Music Notes | Sixth Sunday of Easter

Eric Mellenbruch Associate
Director of Music and Organist

‘O God, you have prepared for those who love you such good things as surpass our understanding: Pour into our hearts such love towards you, that we, loving you in all things and above all things, may obtain your promises…’
Thus the Church prays Sunday as it prepares to celebrate the Ascension of Our Lord (mentioned in the Epistle) and the coming of the Holy Spirit at Pentecost (prefigured in the Gospel), the fulfillment of Christ’s promises to abide in the Church and the hearts of the faithful. The hymn ‘Blessed Jesus, at thy word’ echoes these petitions: ‘let our hearts and souls be stirred now to seek and love and fear thee… drawn from earth to love thee solely’. We ask – quoting the language of the Creed – ‘Light of Light, from God proceeding, open thou our ears and heart; help us by thy Spirit’s pleading.’ 
The German original of this hymn is much beloved, no doubt aided by the simple yet effective melody which underscores the ababcc rhyme scheme but also achieves its own memorable shape through an ababcb phrase structure. Of the many arrangements of this hymn, this week we hear settings for organ by J.S. Bach (who briefly served in the same parish in Mühlhausen where the tune’s composer had earlier worked) and Bach’s cousin J.G. Walther.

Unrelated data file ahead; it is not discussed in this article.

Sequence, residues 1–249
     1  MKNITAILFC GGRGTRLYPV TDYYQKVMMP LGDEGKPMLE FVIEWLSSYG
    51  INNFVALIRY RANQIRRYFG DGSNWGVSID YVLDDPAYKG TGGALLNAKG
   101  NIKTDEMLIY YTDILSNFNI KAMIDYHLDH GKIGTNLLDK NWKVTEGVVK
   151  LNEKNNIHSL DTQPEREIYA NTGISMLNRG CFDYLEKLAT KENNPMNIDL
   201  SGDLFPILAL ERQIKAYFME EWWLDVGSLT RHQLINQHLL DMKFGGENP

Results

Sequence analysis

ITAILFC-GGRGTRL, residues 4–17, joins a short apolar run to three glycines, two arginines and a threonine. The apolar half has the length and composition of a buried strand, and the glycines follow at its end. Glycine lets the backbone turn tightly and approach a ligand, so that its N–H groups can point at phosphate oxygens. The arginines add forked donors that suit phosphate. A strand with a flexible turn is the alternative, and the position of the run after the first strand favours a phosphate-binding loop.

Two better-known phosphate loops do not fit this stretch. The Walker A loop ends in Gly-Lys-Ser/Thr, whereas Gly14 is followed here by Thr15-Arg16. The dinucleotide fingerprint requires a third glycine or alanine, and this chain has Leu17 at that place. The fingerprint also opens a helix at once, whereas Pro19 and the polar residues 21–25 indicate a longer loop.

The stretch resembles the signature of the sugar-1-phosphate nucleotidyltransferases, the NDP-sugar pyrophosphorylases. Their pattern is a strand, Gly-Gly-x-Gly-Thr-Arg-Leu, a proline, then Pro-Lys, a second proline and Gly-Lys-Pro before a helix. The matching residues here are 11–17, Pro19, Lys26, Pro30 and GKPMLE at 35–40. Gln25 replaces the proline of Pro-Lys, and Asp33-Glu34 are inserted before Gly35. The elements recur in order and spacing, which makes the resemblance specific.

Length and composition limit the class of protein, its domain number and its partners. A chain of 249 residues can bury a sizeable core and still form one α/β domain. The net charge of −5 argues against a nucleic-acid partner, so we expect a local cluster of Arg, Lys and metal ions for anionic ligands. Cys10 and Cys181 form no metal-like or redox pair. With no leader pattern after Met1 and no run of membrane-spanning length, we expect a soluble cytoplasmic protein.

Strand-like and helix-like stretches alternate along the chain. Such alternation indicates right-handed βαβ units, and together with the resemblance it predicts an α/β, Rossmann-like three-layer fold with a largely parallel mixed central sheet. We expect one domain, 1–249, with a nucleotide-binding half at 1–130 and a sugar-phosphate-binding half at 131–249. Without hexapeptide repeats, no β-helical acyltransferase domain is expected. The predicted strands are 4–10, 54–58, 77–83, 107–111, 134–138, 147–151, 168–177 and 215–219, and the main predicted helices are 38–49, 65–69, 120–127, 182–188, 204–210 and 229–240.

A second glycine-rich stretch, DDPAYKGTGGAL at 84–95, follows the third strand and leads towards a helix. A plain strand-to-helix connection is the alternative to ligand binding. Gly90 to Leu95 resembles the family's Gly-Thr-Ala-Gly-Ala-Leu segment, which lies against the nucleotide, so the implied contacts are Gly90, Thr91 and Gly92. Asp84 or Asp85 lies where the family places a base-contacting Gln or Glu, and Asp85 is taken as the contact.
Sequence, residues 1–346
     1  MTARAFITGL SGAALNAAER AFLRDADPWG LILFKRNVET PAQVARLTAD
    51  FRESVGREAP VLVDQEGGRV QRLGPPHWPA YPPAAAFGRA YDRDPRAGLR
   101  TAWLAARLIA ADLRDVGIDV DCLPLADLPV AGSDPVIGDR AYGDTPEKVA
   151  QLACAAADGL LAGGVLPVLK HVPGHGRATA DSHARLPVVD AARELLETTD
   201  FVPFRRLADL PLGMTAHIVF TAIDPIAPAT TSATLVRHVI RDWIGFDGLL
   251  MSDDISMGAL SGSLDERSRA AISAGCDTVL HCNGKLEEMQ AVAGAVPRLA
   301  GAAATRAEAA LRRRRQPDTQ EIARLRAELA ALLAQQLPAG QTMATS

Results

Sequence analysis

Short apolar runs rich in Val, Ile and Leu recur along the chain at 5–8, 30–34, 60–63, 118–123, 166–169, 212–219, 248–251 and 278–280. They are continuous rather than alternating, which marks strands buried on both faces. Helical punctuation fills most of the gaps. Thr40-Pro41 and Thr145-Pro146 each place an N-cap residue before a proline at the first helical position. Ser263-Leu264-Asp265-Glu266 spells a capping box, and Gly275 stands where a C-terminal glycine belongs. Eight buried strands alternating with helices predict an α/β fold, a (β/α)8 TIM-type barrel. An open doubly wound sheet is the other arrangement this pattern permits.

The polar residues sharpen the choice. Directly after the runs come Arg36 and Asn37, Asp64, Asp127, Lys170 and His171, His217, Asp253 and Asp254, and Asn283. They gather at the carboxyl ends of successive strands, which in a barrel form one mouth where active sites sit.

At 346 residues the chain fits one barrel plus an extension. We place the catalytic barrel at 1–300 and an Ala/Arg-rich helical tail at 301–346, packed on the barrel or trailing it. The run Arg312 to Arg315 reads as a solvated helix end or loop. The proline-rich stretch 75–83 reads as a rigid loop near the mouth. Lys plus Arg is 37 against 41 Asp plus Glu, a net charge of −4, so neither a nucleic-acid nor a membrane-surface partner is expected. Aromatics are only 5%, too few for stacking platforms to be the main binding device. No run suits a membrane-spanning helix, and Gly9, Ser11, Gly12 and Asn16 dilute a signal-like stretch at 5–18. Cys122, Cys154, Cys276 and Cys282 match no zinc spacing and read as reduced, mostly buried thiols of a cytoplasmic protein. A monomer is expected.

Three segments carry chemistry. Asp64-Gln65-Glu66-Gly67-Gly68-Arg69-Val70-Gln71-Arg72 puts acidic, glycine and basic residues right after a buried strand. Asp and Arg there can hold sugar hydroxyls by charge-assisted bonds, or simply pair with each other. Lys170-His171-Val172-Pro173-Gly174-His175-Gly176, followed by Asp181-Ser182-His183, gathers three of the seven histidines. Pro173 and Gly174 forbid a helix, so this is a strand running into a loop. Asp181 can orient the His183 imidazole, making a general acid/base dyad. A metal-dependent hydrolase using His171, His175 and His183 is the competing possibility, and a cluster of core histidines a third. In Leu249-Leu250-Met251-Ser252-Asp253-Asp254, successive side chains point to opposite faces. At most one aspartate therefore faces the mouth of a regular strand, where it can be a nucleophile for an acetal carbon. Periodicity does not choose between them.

‘Like the murmur of the dove’s song’ is an invocation of the Spirit by Episcopal priest-poet Carl Daw. Each stanza describes the Spirit by building strongly upon a series of parallel constructions: like… (a list of similes); to… (a set of recipients); with… (a list of attributes and activities); each ends with a refrain, and the refreshing tune closely follows the shape of the text, the second phrase building sequentially upon the first to a climax that is resolved melodically, harmonically, and rhythmically in the refrain.

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